Matters relating to the environment, including activities that may harm the environment, such as the installation of gas transport and storage facilities, are regulated by the Federal Ministry of the Environment (FMoE). Before such facilities are built, an environmental impact assessment shall be carried out and certified by the FMoE.

Another relevant agency in this regard is the Nigerian Content Development and Monitoring Board, which ensures that local content objectives are met. Under Administrative Law, a dissatisfied party may challenge decisions by the Minister or agencies at the Federal High Court, subject to compliance with pre-action requirements under relevant legislation.


The new Petroleum Industry Act (PIA) establishes a new regulatory and fractional control regime for upstream gas activities. However, the existing upstream title holders’ rights under the Petroleum Act (the previous legislation governing the sector) are maintained until the expiry of the issued licenses and leases under that legislation, or until the holders of those licenses or leases decide to convert their licenses into Petroleum Prospecting Licenses (PPLs) and Petroleum Mining Leases (PMLs) established under the new Act.

Holders of existing oil mining and prospecting leases are still subject to the Petroleum Act's regulations, such as the Petroleum Regulations, the Petroleum (Drilling and Production) Regulations, and the National Gas Supply and Pricing Regulations. To the extent that the Petroleum Act supports these regulations, they will continue to be in effect and be incorporated into the new PIA regulatory framework.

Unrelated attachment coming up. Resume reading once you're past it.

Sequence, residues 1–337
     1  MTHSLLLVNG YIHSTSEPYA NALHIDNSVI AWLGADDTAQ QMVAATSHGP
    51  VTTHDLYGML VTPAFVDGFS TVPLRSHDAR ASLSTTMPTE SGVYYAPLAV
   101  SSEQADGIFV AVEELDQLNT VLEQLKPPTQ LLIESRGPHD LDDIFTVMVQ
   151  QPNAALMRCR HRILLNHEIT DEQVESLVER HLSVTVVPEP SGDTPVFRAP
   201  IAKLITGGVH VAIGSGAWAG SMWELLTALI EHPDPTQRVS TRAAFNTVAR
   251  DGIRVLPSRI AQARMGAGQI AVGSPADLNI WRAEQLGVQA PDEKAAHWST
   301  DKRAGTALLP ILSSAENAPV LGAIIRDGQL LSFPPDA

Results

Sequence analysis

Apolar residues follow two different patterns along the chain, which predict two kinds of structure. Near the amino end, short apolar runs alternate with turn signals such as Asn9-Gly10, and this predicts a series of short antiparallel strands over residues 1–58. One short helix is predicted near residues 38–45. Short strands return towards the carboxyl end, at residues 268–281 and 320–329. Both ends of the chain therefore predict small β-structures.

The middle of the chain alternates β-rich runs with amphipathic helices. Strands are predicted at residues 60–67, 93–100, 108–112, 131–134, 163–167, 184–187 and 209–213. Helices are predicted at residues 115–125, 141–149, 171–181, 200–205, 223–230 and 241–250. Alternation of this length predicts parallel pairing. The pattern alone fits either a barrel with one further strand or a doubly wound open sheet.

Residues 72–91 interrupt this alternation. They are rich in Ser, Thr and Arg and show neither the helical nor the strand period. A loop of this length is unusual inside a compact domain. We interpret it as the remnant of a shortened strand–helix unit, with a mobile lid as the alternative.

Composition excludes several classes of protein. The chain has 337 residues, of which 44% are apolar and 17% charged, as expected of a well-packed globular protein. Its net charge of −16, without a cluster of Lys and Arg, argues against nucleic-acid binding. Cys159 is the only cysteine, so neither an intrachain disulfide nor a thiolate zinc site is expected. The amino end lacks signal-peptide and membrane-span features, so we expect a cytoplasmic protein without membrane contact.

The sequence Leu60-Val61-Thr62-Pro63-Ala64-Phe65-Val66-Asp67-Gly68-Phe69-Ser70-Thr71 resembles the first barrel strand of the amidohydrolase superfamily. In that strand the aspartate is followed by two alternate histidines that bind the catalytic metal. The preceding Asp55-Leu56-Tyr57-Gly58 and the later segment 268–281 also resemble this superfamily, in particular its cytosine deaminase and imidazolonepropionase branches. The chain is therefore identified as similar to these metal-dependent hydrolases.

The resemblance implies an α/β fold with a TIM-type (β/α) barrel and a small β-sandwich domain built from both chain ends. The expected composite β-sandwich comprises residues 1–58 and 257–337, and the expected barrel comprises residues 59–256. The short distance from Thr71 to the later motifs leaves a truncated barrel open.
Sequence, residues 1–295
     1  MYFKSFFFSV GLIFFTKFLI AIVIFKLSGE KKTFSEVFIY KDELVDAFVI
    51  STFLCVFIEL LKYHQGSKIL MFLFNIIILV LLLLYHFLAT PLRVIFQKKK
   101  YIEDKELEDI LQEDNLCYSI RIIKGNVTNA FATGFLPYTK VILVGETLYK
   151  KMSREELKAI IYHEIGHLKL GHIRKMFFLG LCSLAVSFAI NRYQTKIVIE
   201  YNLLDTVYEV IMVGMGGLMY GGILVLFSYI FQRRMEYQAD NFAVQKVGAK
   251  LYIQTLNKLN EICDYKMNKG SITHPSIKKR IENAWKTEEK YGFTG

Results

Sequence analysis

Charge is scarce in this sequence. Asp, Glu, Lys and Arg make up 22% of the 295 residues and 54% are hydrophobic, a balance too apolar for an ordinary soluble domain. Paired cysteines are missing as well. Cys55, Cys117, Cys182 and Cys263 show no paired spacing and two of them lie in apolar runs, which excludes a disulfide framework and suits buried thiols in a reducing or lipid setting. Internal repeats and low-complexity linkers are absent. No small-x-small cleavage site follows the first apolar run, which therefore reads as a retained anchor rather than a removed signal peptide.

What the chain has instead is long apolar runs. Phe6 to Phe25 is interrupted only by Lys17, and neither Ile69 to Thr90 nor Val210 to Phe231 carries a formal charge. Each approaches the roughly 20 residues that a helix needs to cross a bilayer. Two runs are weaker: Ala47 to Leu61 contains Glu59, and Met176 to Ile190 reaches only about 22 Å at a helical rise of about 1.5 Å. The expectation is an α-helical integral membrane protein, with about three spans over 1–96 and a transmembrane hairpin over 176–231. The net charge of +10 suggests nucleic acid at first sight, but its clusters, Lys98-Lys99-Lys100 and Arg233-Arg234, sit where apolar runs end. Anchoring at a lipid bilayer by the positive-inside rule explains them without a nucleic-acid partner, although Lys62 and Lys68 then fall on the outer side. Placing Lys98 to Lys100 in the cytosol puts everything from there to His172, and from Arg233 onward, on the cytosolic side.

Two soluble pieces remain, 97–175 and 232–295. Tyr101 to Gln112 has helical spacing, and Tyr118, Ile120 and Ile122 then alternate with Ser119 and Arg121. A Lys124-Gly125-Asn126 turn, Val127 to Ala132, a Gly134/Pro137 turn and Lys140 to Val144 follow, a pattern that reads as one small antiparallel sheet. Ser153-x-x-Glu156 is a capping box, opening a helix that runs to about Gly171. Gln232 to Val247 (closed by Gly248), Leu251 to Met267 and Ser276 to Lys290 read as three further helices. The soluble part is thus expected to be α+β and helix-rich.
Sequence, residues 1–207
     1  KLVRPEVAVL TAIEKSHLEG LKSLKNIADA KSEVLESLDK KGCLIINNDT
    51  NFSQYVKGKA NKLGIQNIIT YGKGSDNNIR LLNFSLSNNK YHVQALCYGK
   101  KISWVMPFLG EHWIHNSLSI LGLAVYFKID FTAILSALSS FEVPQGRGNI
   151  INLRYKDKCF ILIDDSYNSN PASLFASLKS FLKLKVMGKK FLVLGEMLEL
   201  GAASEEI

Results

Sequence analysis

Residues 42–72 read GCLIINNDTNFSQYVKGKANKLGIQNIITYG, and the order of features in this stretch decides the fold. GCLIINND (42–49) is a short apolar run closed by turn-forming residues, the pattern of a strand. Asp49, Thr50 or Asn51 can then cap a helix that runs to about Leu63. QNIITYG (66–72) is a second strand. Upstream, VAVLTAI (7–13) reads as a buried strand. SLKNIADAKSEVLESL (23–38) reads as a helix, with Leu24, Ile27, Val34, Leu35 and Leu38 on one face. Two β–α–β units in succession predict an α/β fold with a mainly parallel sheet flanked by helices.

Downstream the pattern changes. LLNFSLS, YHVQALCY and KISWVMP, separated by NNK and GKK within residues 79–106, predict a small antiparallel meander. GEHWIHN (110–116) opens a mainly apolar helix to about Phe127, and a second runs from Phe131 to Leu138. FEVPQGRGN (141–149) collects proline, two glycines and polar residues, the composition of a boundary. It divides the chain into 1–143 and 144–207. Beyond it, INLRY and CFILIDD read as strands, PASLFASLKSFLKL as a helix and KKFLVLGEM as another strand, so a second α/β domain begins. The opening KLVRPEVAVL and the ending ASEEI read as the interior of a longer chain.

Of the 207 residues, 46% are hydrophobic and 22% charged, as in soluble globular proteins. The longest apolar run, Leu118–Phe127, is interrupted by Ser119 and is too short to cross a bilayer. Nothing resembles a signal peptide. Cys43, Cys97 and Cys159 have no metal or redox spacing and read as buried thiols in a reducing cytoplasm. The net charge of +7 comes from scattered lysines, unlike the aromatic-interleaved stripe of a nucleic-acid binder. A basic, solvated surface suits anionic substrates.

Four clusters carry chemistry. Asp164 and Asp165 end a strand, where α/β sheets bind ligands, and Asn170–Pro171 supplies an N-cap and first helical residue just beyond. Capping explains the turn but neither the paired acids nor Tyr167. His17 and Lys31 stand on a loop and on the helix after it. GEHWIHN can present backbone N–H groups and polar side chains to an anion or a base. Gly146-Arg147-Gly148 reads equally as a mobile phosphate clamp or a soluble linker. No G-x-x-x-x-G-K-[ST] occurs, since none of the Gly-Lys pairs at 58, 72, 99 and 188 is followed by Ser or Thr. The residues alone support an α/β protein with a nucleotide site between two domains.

The Nigerian Upstream Petroleum Regulatory Commission (the Commission) is now saddled with the responsibility of granting petroleum exploration licenses. The PIA also gives the Minister of Petroleum Resources the authority to grant PPLs and PMLs, which allows the grantee to extract, process, transport, and dispose of petroleum.

To further strengthen the belief that the introduction of CNG in Nigeria is indeed a reality, the Federal Government has rolled out different policies to see the implementation and use of CNG by Nigerians. These policies range from taxation waivers to the provision of CNG vehicles and terminals. These incentive policies will now be discussed in detail anon.

- Taxation
As a way of supporting the use, sale, and production of CNG in Nigeria, the Federal Government in December 2023 granted a 100% waiver of Value Added Tax. The Circular which was issued by the Ministry of Finance signaled some level of seriousness on the part of the government as it will encourage stakeholders to go into the business of marketing CNG. The waiver also includes CNG equipment such as pipelines, conversion kits, and so on. A portion of the Circular reads as follows: